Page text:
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California Recall Battle Could Have Broader Implications for US Politics - 2003-08-14

Earthquakes are nothing new in California. But few could have predicted the political earthquake that is now shaking up the Golden State, as voters decide whether to recall Governor Gray Davis and replace him with any one of 135 candidates, including the current front-runner, movie actor Arnold Schwarzenegger. The recall battle could have national implications for both major political parties.

Many Republicans see replacing Democrat Gray Davis with Republican Arnold Schwarzenegger as potentially a major boost to President Bush's re-election hopes in California next year.

David Gergen, an experienced political and communications strategist who has advised recent presidents from both parties, spoke on NBC's Today program.

"If the State House, Sacramento [governorship], were in the hands of Republicans and Schwarzenegger were doing well, then it could help President Bush win California, and if he wins California, it is all over, of course, or at least, it would appear to be over, in 2004," he said.

That is because California has been such a Democratic stronghold in recent years. The state strongly supported Al Gore in 2000 and Bill Clinton in the two previous presidential elections.

In fact, it is hard to draw up a scenario where a Democratic candidate could win the presidency, without carrying California.

But even if Arnold Schwarzenegger wins the recall election, not everyone is convinced that it would be good news for the president or the Republican Party.

"He [Schwarzenegger] will be pushed and torn on a variety of issues, and at the end of the day, I am not sure if the Republican Party or George W. Bush will look any better than it does now in California," said Stuart Rothenberg, an independent political analyst based in Washington who appeared on this week's Encounter program on VOA. "So I don't assume that a Schwarzenegger victory will have dramatic impact on Bush's prospects in 2004 - that is - on improving them."

But the stakes are perhaps even higher for the Democrats. After all, if Gray Davis is recalled and replaced with a Republican, the Democrats will no longer control the governor's office in the country's largest state, a state they desperately need to carry in next year's presidential election.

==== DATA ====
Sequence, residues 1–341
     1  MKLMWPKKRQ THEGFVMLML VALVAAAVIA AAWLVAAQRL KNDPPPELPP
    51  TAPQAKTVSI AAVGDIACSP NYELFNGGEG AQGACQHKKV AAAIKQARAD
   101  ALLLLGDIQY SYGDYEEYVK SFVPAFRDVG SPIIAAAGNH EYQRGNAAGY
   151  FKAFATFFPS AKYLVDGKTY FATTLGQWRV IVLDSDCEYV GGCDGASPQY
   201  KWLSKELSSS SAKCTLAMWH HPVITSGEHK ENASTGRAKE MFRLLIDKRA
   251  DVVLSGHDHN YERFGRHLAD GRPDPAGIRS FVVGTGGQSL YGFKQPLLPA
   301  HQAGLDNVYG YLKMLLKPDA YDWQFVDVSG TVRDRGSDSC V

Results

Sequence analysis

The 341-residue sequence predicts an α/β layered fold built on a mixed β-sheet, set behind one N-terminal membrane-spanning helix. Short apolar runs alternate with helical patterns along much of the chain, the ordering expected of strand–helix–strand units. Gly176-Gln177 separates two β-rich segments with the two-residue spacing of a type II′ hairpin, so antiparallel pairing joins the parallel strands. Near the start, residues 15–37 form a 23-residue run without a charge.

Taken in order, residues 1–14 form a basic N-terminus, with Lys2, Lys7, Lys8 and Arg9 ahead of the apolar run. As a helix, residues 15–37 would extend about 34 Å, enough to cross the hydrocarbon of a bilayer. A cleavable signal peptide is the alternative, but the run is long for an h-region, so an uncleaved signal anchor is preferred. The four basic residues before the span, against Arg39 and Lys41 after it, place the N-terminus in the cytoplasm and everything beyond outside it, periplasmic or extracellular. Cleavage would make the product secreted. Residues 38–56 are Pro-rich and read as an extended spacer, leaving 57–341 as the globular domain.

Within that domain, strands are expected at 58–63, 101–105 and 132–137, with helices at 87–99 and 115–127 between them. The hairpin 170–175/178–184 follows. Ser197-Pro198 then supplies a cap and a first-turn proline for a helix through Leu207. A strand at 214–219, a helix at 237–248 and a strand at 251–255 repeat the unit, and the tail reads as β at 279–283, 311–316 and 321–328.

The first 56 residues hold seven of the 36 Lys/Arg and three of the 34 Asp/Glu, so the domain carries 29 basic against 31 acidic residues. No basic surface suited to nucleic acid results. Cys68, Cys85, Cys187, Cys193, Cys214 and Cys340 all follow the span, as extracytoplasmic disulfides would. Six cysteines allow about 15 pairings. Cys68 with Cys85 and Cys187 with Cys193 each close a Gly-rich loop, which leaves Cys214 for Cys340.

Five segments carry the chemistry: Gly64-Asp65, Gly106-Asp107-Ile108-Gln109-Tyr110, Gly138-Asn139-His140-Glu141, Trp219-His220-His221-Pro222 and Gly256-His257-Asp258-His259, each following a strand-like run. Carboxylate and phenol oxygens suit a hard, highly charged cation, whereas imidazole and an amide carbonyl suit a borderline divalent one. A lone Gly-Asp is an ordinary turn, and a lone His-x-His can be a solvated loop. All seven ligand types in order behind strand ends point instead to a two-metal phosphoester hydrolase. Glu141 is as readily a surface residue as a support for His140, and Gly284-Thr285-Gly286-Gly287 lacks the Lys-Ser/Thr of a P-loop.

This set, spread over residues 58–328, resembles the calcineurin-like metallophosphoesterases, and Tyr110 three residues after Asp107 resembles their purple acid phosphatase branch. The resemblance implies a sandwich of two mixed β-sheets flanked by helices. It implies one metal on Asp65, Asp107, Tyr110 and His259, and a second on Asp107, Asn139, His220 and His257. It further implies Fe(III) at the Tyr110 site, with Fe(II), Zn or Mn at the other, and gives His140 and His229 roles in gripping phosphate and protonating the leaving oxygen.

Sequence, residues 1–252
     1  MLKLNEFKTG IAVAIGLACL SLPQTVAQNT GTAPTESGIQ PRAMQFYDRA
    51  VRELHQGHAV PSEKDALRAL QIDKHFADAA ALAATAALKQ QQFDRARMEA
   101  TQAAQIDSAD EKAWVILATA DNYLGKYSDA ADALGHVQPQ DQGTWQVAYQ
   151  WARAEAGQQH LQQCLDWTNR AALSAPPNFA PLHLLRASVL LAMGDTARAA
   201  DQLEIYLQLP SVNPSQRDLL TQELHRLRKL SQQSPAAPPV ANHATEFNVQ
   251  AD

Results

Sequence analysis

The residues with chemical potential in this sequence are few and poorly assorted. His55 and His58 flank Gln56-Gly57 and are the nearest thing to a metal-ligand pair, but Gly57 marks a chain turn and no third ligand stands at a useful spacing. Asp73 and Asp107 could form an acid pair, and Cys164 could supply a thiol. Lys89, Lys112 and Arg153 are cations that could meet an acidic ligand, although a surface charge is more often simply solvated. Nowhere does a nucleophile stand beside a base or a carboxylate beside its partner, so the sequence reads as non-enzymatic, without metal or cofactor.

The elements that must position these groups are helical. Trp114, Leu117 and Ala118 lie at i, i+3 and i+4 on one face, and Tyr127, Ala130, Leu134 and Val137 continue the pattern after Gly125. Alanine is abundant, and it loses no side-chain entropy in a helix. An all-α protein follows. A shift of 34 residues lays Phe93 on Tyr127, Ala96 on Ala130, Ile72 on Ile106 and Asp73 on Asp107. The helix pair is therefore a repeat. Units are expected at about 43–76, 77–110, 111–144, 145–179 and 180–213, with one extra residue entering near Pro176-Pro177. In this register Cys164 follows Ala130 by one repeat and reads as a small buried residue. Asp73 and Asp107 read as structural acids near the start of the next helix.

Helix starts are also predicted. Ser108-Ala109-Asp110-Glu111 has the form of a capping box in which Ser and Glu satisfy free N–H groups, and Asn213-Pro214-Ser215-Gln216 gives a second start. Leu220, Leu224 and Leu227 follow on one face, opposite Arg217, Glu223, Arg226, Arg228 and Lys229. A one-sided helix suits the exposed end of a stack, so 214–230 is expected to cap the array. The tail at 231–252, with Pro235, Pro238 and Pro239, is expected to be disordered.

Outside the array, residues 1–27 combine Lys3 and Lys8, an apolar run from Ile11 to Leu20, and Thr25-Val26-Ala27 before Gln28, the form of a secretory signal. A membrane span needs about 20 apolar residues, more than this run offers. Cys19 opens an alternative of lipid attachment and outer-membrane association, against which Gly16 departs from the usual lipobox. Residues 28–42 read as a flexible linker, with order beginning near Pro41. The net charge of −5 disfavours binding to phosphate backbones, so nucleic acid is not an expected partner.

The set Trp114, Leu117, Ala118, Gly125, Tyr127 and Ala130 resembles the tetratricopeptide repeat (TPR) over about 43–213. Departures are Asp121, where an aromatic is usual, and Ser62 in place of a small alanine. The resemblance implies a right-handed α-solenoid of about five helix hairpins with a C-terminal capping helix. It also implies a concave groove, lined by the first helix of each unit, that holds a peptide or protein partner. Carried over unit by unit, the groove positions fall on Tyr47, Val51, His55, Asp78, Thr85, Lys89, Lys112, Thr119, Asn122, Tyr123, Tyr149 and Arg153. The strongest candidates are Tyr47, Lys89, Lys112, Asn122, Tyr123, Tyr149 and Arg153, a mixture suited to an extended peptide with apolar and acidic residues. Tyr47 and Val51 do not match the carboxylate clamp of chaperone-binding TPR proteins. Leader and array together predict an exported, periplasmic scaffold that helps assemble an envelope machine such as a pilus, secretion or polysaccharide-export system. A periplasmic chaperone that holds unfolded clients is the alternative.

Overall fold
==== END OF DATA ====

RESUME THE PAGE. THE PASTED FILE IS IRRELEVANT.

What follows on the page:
"California is a beachhead for the Democratic Party," said Bill Sandalow, the Washington Bureau chief for the San Francisco Chronicle newspaper. "It is the most Democratic state in the nation. If they lose it (governor's race) to a Republican, they have to regroup."

The Democrats have another problem. All the media attention focused on 'Ahnold' and the California recall is bound to distract voters from the national battle within the Democratic Party to choose a nominee to challenge President Bush next year.

"There are nine Democrats running right now for president of the United States for the Democratic nomination," said analyst Stuart Mr. Rothenberg. "It is going to be impossible for them to compete (for attention) with this California circus."

Beyond the immediate impact on the two major political parties, the California vote could spark recall efforts elsewhere.

Bill Sandalow of the San Francisco Chronicle says the political battle in California could be a boon to candidates around the country looking to position themselves as political outsiders.

"If the anger that Californians have at their lifelong politicians can seep eastward, then I don't know if we are going to see recall elections across the country; but we certainly may see other American politicians who act in the mold of Schwarzenegger, and try to present themselves as outsiders," he said. "And that could be the new gift from California to the rest of the country."

Gray Davis is hoping to avoid becoming only the second governor in American history to be recalled by voters. North Dakota Governor Lynn Frazier was recalled in 1921, but won election to the U.S. Senate a year later.

Thirty-two recall attempts targeting governors have been launched in California history, but the current effort is the only one to reach the ballot.

While most states allow governors to be impeached and removed from office, California is one of only 18 states that permits voter recall of state officials.